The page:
The Criterion mind game
Today, I received my copy of Criterion’s recent re-release of Alfred Hitchcock’s The Lady Vanishes. This new 2-disc edition, released in November 2007, replaces the old single-disc version from May 1998. As one of the first DVDs Criterion put out (both the original release and the new one are number 3 in the collection), it left rather a lot to be desired in the transfer department, taken from a composite source and filled with dot crawl.
I’m happy to report that the new transfer is a massive improvement, although it does suffer from an extremely irritating practice known as windowboxing, which Criterion have been applying to all their transfers for Academy ratio films for at least a couple of years. Essentially, the entire image is shrunk slightly and surrounded by a black border on all four edges. According to the booklet included inside the DVD case, this is done “to ensure that the maximum image is visible on all monitors”. What they should have said is “to ensure that the maximum image is visible on improperly calibrated televisions”. Overscan is an issue with most television displays, cropping off as much as 10% of the signal image. However, I don’t think it would be unreasonable to suggest that those who are serious about film will do everything they can to minimise, if not eliminate, overscan, or buy a display that does not suffer from it in the first place (such as most projectors, as well as the majority of modern 1080p LCD or plasma displays).
Above: A nice improvement, but what’s with the black border? Click for full size image.
Why, then, is Criterion, a company that caters specifically to cinephiles and prides itself on the highest possible quality standards (more on this later) effectively authoring discs, as one of my fellow netizens put it, “to look best on the worst equipment”? I can think of no other studio who routinely shrinks the image and therefore throws away valuable resolution. This is standard definition NTSC we’re talking about, with a resolution of 720x480. Every line of resolution should be valued, not thrown away in order to prevent a small amount of the image being cropped on Joe Sixpack and Mary-Jane Rottencrotch’s tube display. The windowboxing on this release is certainly not excessive, but it does mean that the image is approximately 12-13% smaller than it could have been, and as a result has 12-13% less detail than would overwise have been possible.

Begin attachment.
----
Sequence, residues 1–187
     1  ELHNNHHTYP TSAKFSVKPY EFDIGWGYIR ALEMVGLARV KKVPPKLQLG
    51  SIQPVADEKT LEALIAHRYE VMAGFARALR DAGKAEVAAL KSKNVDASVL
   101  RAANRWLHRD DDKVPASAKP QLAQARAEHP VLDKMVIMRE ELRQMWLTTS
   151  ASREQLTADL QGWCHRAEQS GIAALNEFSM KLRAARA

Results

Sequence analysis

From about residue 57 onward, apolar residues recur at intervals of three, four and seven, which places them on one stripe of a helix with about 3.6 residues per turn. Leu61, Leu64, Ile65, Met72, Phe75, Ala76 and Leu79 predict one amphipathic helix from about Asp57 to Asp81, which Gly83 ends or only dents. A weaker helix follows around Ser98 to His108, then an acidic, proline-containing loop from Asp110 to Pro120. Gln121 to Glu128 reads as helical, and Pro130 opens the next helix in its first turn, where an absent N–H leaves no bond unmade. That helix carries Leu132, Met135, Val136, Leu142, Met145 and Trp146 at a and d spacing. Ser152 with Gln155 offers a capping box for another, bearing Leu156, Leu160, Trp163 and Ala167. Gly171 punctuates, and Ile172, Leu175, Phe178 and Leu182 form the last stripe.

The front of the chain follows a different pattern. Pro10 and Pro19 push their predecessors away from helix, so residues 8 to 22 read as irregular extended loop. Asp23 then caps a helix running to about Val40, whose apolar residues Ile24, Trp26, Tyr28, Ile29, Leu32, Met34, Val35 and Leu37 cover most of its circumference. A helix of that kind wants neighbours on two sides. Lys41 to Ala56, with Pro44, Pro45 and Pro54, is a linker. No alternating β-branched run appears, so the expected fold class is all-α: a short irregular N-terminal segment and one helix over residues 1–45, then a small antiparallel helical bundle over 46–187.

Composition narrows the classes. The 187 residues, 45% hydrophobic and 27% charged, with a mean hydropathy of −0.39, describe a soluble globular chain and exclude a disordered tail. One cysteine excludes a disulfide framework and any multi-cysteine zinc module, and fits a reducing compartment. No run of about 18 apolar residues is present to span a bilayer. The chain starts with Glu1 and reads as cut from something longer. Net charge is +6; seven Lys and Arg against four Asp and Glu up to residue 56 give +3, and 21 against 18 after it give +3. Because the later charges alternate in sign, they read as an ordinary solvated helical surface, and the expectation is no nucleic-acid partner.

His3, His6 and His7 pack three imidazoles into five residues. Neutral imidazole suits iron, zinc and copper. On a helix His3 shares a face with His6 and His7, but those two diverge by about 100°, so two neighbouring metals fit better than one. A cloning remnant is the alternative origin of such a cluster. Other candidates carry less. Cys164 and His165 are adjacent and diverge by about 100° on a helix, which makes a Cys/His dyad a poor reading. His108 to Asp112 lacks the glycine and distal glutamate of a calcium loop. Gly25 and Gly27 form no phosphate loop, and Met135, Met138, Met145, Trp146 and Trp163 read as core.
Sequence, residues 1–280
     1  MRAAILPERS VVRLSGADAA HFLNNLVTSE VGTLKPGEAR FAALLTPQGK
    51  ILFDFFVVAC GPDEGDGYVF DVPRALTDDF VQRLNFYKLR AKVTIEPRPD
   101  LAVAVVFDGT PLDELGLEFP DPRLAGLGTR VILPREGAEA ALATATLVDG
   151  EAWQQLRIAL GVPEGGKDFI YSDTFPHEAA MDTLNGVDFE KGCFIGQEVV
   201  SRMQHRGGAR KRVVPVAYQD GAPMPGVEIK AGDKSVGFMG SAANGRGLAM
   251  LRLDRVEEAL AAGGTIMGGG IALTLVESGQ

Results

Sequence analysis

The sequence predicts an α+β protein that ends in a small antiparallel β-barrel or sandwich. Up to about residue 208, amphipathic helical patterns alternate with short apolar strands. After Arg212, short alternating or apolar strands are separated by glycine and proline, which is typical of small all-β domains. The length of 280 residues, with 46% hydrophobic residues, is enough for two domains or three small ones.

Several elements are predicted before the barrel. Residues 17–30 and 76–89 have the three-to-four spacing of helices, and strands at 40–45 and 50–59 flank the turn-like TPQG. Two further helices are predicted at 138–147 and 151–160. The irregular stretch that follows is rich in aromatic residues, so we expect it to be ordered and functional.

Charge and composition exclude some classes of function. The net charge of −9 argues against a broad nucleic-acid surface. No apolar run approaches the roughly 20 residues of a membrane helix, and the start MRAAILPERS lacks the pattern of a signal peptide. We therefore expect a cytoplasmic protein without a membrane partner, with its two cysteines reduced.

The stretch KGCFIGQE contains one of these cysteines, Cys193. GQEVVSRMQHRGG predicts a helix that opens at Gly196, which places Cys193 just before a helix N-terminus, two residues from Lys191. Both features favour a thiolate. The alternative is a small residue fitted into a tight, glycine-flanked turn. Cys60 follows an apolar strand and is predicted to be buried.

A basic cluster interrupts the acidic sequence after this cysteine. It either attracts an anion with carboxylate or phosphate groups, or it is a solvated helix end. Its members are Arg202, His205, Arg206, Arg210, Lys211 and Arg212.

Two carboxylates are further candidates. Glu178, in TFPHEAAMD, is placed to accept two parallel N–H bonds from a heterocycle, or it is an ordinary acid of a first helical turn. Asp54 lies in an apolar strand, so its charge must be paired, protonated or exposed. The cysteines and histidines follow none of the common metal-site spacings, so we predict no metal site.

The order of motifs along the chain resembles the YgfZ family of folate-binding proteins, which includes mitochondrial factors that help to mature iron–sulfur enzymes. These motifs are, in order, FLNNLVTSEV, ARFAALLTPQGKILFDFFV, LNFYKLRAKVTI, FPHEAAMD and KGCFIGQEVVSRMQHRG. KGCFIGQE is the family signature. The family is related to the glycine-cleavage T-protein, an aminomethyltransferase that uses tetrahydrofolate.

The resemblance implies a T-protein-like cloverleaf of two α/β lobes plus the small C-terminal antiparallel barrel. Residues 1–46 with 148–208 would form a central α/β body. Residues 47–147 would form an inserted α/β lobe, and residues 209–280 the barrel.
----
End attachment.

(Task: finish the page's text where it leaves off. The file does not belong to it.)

(Left: old version; Right: new version; click for full size images)
The long and short of it is that I am of the opinion that Criterion’s reputation as being the absolute best of the best in the DVD field is largely a mind game propagated by a number of factors, ranging from their pioneering work in the LaserDisc days (it’s unlikely that you would have audio commentaries or be able to expect an original aspect ratio presentation of a film as the rule rather than the exception if not for them) to their extremely high standard of publicity and design. Their packaging is always eye-catching and, even if they occasionally confuse plainness with minimalism (The Rock is a cover that only Criterion could get away with!), broadly speaking the sort of artwork they put out is clever, tasteful and light years ahead of anything the mainstream studios (or indeed the indie studios, most of whom seem to delight in making their wares look as schlocky as possible, as if it’s some sort of badge of honour) are doing. Essentially, pick a Criterion DVD off the shelf and it looks like you’re really getting something special. The old adage is “never judge a book by its cover”, but all too many people do.